134 McBride, M.S., “Critical Legal History and Private Actions Against Public Nuisances, 1800–1865” (1989) 22 Columbia Journal of Law & Social Problems 307, 319 Google Scholar, summarising the view presented in Wood, H.G., A Practical Treatise on the Law of Nuisances (Albany, NY 1875)Google Scholar.

135 Wood, A Practical Treatise, §632.

136 See White, G.E., “The Integrity of Holmes’ Jurisprudence” (1982) 10 Hofstra L.Rev. 633, 643Google Scholar, cited in Antolini, “Modernizing Public Nuisance”, p. 807.

137 Smith, J., “Private Action for Obstruction to Public Right of Passage” (1915) 15 Colum.L.Rev. 1 CrossRefGoogle Scholar; (1915) 15 Colum.L.Rev. 142, 11 (quoting Pollock, F., The Law of Torts, 6th ed. (London 1901), 612 Google Scholar).

138 Smith, Contract Theory, p. 13, citing Piscataqua Navigation Co. v New York N.H. & H.R.R. 89 F. 362 (D. Mass. 1898), per Brown J.

139 See e.g. Sauvain, Highway Law, p. 268; Kodilinye, “Public Nuisance”, p. 190; Reynolds, “Public Nuisance”, p. 337; Nolan, “Nuisance”, §22.82; Fridman, “Particular Damage”, p. 503.

140 Sappideen and Vines, Fleming's The Law of Torts, p. 491.

141 Tate & Lyle [1983] 2 A.C. 509, 537.

142 See e.g. R. v Betts (1850) 16 Q.B. 1022; R. v Bartholomew [1908] 1 K.B. 554; Whaley v Kelsey [1928] 2 D.L.R. 268 (Ont. CA); A-G v Wilcox [1938] Ch. 934; Isle of Anglesey [2010] Q.B. 163 (CA), 181.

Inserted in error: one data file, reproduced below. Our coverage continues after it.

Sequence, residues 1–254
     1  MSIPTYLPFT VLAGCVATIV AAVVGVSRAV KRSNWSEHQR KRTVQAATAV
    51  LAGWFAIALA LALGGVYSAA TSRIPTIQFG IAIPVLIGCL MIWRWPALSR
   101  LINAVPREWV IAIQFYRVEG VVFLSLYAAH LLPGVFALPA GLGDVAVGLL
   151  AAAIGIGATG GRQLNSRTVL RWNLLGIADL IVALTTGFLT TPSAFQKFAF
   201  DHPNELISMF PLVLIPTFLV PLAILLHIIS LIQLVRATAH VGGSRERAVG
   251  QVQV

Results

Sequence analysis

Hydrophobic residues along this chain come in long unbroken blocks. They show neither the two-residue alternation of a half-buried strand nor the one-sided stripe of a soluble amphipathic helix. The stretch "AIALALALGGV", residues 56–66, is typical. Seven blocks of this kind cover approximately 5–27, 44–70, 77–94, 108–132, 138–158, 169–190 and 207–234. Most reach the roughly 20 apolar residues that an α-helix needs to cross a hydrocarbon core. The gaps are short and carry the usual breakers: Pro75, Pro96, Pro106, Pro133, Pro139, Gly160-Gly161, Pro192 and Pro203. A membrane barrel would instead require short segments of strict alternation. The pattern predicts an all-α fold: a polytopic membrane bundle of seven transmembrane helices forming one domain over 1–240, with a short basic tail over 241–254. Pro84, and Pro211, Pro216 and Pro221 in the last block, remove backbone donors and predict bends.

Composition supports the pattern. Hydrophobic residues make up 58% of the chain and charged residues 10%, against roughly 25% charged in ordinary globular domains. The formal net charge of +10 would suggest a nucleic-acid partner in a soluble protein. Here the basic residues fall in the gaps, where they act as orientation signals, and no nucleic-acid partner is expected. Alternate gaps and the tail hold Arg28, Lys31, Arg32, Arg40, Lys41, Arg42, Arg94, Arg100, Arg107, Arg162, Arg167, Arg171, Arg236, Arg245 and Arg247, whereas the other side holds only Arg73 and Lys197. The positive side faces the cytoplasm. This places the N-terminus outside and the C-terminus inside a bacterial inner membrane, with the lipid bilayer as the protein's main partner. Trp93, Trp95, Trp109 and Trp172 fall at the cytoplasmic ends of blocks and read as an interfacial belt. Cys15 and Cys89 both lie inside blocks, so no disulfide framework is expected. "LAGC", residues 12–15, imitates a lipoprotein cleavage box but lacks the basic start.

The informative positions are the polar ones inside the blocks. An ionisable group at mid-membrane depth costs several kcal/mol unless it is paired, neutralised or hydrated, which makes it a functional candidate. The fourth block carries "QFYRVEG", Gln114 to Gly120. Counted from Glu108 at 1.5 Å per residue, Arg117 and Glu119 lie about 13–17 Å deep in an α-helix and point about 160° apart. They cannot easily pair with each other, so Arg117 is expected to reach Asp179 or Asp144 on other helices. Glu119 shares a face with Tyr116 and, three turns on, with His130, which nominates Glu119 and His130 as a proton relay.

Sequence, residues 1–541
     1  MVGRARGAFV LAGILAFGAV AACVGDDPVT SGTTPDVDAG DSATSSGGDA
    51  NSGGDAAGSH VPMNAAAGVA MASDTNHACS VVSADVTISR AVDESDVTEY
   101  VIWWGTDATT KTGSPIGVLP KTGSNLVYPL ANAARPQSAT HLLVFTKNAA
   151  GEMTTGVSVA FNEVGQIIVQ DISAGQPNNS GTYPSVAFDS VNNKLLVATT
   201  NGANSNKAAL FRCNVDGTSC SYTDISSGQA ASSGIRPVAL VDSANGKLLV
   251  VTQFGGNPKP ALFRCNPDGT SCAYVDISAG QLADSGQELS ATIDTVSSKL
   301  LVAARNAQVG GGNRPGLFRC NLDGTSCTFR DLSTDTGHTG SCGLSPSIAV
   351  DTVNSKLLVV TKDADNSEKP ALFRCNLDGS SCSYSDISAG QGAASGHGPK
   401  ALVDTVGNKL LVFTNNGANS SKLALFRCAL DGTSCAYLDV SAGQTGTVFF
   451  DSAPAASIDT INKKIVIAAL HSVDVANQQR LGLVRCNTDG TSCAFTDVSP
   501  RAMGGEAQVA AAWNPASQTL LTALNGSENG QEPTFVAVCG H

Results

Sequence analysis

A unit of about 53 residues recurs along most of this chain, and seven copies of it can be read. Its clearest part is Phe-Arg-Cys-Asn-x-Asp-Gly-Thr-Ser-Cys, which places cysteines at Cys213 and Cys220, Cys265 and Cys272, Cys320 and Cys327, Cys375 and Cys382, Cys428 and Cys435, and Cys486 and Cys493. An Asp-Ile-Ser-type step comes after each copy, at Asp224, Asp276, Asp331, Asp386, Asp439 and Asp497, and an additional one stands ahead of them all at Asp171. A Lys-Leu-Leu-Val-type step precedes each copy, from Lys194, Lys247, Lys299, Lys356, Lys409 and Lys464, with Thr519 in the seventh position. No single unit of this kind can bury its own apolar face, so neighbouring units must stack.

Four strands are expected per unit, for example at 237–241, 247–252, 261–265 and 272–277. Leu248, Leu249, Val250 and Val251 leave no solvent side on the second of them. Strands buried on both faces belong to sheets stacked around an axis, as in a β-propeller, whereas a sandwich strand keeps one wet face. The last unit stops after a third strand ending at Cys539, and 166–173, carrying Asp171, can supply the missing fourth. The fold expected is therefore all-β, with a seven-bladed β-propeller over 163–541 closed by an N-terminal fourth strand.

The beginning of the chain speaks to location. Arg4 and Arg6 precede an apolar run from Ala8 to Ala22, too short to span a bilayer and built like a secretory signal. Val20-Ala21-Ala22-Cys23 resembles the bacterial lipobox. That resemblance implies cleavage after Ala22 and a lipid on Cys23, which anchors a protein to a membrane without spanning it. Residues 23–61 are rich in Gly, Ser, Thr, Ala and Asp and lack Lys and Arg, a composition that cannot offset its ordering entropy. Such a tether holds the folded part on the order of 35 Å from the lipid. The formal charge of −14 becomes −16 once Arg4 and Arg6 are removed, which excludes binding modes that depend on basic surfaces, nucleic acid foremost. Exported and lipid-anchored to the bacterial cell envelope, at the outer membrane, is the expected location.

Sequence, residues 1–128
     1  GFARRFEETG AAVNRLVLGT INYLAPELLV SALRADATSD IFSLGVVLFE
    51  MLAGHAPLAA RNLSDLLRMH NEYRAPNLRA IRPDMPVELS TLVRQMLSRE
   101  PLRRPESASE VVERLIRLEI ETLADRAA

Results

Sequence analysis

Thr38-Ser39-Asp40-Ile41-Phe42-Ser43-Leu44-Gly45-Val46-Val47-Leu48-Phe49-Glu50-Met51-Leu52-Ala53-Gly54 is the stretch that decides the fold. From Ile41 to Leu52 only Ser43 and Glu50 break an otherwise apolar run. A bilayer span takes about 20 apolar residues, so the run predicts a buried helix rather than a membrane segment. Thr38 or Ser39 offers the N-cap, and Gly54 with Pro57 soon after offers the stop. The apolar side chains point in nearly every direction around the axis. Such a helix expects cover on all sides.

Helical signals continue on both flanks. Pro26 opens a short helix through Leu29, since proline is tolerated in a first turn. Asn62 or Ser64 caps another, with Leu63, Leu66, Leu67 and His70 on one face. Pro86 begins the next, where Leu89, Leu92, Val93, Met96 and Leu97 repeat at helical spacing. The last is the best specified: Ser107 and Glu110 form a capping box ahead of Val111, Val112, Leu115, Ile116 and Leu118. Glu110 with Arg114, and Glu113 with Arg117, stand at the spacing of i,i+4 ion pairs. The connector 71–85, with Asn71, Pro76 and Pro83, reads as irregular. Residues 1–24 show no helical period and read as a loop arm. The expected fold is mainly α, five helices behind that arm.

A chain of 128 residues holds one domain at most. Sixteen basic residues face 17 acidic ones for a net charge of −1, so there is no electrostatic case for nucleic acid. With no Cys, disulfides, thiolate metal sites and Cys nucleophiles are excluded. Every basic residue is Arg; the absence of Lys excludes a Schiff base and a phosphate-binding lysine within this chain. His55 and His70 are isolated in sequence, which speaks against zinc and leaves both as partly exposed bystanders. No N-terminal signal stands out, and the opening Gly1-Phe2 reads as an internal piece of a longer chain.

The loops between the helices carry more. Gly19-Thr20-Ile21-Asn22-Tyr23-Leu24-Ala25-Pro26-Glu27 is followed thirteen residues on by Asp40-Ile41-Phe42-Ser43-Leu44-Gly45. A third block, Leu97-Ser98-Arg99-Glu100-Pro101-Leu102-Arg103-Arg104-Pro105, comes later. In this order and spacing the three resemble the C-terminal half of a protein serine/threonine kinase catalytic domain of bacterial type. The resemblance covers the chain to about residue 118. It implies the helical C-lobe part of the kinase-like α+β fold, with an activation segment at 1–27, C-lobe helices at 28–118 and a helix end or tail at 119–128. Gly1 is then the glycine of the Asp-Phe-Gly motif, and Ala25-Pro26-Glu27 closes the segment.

143 See Colls v Home and Colonial Stores Ltd. [1904] A.C. 179; Nicholls v Ely Beet Sugar Factory Ltd. (No. 2) [1936] Ch. 343 (CA); Nolan, D., “‘A Tort against Land’: Private Nuisance as a Property Tort” in Nolan, D. and Robertson, A. (eds.), Rights and Private Law (Oxford 2011), 457, 464Google Scholar; Peel and Goudkamp, Winfield & Jolowicz, p. 451.

144 Lord Leconfield (1870) L.R. 5 C.P. 657, 665.

145 Harper v GN Haden & Sons [1933] Ch. 298 (CA), 320.

146 See e.g. Ocean Leisure v Westminster [2004] 43 E.G. 144 (CA), at [14], where defendant's counsel argued that there was “a special rule for applicable to hoardings erected in connection with building works”.

147 Marshall v Blackpool Corporation [1935] A.C. 16; Cusack v Harrow London Borough Council [2013] UKSC 40.

148 Peel and Goudkamp, Winfield & Jolowicz, p. 488.

149 Trevett v Lee [1955] 1 W.L.R. 113 (CA), 11.

150 Kodilinye, “Public Nuisance”, p. 193.

151 Deakin et al., Markesinis & Deakin's, p. 456.

152 See e.g. Peel and Goudkamp, Winfield & Jolowicz, p. 449; Martin v L.C.C. (1899) 14 T.L.R. 575, 575.

153 After noting that direct cannot have the same meaning as it has in relation to the distinction between trespass and case (since “the nuisance action has always been supposed to lie for consequential injury”) and cannot mean reasonable foreseeability (since, in The Wagon Mound No. 2 [1967] 1 A.C. 617 (PC), “Lord Reid suggested that the requirement … had nothing to do with remoteness of damage”), Kodilinye concedes that he cannot explain what the requirement entails (Kodilinye, “Public Nuisance”, pp. 191, 193). For similar frustration, see Deakin et al., Markesinis & Deakin's, p. 456.